ANY OF MY earliest memories are of attending daily mass with my mother at St. William the Abbot parish in Seaford, New York. I’m sure I was quite a handful and disturbed mass frequently. (Some may argue this still occurs.) On days we did not go to mass, it was common that my mother would bring me into church for a “quick visit” in-between running errands. This seemed like normal life for me.
These days, I am at daily mass, but through no virtue of my own. I get paid to play and sing five days a week at St. Mary’s Chapel at Boston College, which includes a mass just for the Jesuit Community of about sixty priests. Mass is attended mostly by students, employees of the college, and some people from the neighborhood. There are also a few regulars who bring their very young children to mass most every day.
Ironically, the busier we are, the more we must make time to pray. When I began playing at St. Mary’s Chapel ten years ago, I thought I might only do this for a few weeks or months because I did not have the time. But quite quickly – if not almost immediately — I became completely hooked on playing daily mass. God has a way of drawing us toward him even when we resist.
ROFESSIONALLY, THE VALUE of playing and singing daily mass cannot be underestimated. Although I had studied organ with BSO organist James David Christie and already had a great deal of experience behind me, it was daily mass that taught me some very important things.
Most importantly, the relationship between the congregation and the organ becomes more intimate with people who sing most every day. It was at daily mass that I realized it is the people in the pews who are the “leader of song.” While the organ is the glue that keeps everyone together, it is ideally a cooperative relationship like chamber music. (Taking their lead, we sing all the verses of the hymns as they refuse to put their hymnals down after two verses.) Playing daily mass made me a much better hymn player – and not simply through repetition. I learned the subtleties of my role as organist which involves as much listening to the congregation as it does playing for them.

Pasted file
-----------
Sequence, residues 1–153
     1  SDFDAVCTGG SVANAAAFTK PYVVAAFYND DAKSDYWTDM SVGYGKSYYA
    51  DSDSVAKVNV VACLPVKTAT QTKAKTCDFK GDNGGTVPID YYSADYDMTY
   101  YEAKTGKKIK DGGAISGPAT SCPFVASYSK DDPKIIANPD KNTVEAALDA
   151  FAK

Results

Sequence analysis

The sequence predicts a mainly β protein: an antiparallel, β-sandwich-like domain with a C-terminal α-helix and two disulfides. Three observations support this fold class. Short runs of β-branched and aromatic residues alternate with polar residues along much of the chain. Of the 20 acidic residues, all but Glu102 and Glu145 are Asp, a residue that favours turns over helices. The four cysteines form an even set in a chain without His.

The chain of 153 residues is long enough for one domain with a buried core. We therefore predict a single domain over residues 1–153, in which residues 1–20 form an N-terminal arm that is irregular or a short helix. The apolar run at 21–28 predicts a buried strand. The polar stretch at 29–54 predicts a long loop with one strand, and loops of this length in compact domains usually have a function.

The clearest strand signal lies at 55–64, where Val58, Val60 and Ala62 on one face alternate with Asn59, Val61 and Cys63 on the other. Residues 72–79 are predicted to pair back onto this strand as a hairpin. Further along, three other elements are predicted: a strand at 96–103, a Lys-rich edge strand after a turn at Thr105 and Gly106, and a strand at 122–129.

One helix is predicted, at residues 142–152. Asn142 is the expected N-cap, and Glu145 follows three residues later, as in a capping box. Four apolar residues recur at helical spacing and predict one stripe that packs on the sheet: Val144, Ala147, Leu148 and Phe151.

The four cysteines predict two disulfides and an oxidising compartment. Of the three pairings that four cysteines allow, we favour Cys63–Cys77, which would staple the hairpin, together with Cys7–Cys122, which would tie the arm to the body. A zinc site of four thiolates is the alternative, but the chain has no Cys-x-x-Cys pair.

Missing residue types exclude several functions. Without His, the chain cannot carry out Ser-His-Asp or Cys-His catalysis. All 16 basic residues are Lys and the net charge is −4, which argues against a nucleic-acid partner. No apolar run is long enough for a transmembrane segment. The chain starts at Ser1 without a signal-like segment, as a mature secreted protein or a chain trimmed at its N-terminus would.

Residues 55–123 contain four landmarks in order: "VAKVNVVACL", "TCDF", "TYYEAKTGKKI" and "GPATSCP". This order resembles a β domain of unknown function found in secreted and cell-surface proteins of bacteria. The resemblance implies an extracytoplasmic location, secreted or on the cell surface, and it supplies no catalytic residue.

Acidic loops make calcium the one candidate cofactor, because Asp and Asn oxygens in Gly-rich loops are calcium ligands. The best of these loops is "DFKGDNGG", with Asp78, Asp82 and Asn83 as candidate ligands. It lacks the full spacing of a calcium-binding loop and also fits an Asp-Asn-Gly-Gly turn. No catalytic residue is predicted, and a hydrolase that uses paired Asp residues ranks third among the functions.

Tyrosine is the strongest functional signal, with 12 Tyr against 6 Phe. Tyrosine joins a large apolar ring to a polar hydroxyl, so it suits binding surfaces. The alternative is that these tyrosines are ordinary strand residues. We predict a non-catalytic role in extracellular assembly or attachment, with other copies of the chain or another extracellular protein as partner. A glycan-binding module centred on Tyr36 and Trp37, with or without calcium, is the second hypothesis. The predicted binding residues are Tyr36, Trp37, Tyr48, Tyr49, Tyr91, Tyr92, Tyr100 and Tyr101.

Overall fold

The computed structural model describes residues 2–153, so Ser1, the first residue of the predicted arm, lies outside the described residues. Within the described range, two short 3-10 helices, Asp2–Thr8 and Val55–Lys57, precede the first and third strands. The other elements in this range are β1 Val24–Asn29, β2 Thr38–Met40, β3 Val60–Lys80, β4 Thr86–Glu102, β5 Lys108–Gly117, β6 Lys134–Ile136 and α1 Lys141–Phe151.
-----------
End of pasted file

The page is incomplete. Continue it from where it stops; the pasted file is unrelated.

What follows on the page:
An extension of the idea that the congregation is the “leader of song” is that unaccompanied singing comes quite naturally when a congregation is allowed to find its own pace. When St. Mary’s Hall reopened after two years of renovation, the organ was not quite ready yet. So I sang the Psalms and ICEL chants unaccompanied in the beautiful acoustic of marble and wood. The singing was astounding because the people were freed up to sing the chants, yet were still supported by a warm acoustic. The organ would only have gotten in the way.
Perhaps most importantly, there is no replacement for following the continuity of the scripture readings from Sunday to Sunday. Many of us who work hard to prepare music for Sundays are well served by following the scriptures throughout the week. Most obvious are the readings from Isaiah during Advent and Acts during the Easter Season. But through every week there is a thread from one Sunday to the next. The daily life of Christ comes to life for us every day. Though no virtue of my own, I am blessed to experience this.
OST INTERESTINGLY, Boston College was originally named “Boston College of the Immaculate Conception.” Therefore, it was fitting that St. Mary’s reopened on the Feast of the Immaculate Conception in 2014. Connected to St. Mary’s Hall on Boston College’s Central Campus, St. Mary’s Chapel opened in 1917. A beautiful wood carved ceiling and marble floors and side altars frame the chapel’s Gothic windows. In the choir loft sits an exquisite one-manual, eight rank D.A. Flentrop organ tuned to the Kellner (Bach) temperament, which is particularly gorgeous in certain keys. Stefan Maier has done extraordinary work in maintaining and preparing this wonderful instrument.
During the academic year, I have the opportunity to hear a few dozen Jesuits preach, and some on a very regular basis. The preaching on any given weekday from the Jesuits is remarkably thoughtful, substantial, well prepared—and brief, which speaks to the high level of preparation. I have been blessed to get to know many of these fine priests including one who has baptized all three of my children. I have also been fortunate to work for three exceedingly thoughtful and supportive rectors in addition to Assistant Rector, Fr. Michael Ford. This is another rare blessing for which I am grateful.
Wherever you are, go to mass during the week. You will be blessed with greater strength to live out what God calls you to do.
If you are at Boston College, mass is offered at seven different locations on campus. You may view the schedules (including St. Mary’s Chapel) here.